Saffron Walden Mizmaze
The turf labyrinth at Saffron Walden, in the county of Essex, is one of the best-known and well maintained historic turf labyrinths in Europe, and it is also the largest surviving example. It is located at the east end of a large open area known as the Common adjacent to the town center.
The Saffron Walden maze is incredibly unusual. The design is circular in the Classical or Chartres style with 17 circuits leading to the center, but is unique in having four lobes or bastions at the corners. The center is marked by a mound 32 feet diameter that stands approximately 1.5 feet above the level of the pathways. The corner lobes are similarly raised above the general level of the labyrinth.
As with the Winchester Maze, the path of the Saffron Walden labyrinth is formed from bricks sunk in the hollows between turf ridges, contrary to the normal arrangement where the turf ridge is the path to follow. Note the pattern drawing to the right where the beginning and end are clear, then compare with the aerial photo at the end of this blog where the beginning is marked with a wooden sign. The total diameter is 132 feet, the cut grooves of the turf pathway nearly a mile in length.
The design of the labyrinth at Saffron Walden is quite unique among the corpus of turf labyrinth designs recorded in the British Isles, but is by no means original. The first book on gardening published in the English language —The Profitable Arte of Gardening by Thomas Hill, 1563— has two illustrations of “proper Mazes” that are almost exactly identical to Saffron Walden. Hill’s illustrations, in turn, were copied from a 1539 French book. It is unknown if these sources were the inspiration, but as Hill’s book was extremely popular, it is likely.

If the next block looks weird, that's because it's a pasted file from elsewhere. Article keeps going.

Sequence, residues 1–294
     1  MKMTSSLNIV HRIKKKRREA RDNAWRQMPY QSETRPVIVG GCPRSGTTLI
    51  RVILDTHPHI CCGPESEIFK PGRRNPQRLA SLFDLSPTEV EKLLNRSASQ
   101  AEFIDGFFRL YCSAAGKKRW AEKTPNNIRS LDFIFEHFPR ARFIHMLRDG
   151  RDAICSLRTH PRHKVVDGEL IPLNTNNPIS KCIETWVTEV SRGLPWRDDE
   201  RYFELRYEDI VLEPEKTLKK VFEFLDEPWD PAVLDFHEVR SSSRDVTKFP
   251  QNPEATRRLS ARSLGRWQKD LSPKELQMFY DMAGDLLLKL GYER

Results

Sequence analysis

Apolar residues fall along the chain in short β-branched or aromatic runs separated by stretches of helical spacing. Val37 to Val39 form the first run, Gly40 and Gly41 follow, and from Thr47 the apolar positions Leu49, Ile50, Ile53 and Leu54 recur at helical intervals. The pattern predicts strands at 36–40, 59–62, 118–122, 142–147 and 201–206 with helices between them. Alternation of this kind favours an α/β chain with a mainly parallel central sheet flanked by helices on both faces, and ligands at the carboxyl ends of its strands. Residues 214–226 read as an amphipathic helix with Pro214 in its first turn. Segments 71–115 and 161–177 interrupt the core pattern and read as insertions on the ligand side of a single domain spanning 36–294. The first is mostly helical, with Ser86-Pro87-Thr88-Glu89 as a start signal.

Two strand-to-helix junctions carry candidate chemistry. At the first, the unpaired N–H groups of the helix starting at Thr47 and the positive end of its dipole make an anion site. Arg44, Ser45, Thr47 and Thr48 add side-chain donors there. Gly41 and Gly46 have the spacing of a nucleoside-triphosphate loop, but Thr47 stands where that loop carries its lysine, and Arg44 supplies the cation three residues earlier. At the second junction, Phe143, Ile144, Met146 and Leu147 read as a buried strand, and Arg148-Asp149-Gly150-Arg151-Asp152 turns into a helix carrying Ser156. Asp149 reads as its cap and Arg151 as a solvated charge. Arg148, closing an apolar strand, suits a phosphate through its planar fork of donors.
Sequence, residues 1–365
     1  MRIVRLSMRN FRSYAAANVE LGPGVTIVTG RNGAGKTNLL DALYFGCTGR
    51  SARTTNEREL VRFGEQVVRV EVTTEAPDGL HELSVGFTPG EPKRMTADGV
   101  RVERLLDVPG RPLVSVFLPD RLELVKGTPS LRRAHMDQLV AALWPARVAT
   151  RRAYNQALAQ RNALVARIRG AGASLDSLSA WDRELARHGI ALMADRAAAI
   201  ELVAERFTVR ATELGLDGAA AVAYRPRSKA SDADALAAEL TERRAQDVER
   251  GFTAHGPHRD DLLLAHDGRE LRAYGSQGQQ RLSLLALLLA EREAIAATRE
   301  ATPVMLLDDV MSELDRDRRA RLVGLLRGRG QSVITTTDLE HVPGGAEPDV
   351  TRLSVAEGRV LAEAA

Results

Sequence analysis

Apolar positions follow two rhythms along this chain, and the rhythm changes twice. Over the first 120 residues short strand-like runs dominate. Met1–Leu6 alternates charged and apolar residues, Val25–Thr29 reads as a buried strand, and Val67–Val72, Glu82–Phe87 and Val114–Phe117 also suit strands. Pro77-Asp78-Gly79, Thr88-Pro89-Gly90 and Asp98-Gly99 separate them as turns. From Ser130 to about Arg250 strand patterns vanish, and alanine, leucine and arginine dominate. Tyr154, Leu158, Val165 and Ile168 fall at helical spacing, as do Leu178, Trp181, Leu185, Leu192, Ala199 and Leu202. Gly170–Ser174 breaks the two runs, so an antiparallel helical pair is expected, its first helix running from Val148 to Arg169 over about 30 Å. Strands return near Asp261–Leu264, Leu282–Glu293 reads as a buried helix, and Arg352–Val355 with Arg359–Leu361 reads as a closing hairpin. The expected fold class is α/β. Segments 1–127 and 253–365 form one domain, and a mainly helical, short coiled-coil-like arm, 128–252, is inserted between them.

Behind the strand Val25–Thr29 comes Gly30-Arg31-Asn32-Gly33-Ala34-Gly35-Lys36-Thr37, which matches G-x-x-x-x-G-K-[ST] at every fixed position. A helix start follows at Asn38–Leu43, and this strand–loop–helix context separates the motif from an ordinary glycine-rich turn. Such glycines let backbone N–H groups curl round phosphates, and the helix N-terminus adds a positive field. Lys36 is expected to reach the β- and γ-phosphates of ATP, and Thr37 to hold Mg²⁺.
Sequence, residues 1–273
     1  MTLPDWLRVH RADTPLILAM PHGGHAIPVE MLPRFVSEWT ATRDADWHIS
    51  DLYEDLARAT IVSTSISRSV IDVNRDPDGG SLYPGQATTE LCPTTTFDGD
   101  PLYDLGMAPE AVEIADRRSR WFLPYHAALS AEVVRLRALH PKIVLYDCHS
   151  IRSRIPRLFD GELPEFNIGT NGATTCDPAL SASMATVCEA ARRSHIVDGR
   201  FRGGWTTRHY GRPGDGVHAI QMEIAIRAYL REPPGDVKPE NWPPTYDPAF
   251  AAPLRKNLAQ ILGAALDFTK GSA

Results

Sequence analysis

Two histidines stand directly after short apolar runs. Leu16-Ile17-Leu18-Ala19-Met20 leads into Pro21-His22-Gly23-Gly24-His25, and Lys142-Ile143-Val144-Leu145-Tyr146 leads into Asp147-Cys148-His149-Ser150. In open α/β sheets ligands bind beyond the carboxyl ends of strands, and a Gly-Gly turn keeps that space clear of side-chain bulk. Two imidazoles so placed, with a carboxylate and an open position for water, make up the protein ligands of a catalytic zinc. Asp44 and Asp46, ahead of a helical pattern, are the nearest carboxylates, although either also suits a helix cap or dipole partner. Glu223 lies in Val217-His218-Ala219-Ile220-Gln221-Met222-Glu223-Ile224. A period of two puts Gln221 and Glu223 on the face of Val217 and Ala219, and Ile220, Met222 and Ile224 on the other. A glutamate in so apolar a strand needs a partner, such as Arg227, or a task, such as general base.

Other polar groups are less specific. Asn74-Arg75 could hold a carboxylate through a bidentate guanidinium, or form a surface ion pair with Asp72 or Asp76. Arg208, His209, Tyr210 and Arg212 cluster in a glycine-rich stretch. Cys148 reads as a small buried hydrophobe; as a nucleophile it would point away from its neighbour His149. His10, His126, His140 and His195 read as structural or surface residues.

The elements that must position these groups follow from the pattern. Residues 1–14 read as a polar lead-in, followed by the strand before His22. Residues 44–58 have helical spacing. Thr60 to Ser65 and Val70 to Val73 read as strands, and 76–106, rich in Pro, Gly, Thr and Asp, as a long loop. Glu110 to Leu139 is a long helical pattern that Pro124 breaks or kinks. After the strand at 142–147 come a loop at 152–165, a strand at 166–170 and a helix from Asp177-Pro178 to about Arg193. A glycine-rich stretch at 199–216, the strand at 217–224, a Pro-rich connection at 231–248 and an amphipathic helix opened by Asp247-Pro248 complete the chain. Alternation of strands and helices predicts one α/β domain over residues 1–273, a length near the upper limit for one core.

Town records indicate the maze was cut in 1699 for the cost of 15 shillings. The purpose of the maze is not documented, however, the town of Saffron Walden was undergoing a period of considerable civic pride during the latter decades of the 1600s, including a charter of incorporation by King William III in 1694. The village Commons was (and still is) the location of public fairs, so most likely the maze was cut for amusement and beautification.
Restorations are recorded for 1826, 1841, 1859, and 1887. Again in 1911, when the pathway was laid with bricks on edge. The most recent re-cutting was completed in 1979, and the bricks were relaid flat.
It’s perhaps as well that this isn’t a traditional maze or I suspect there would be many people wandering around for ever trying to find a way out! Plus keeping the hedges trimmed would be a permanent job I fear!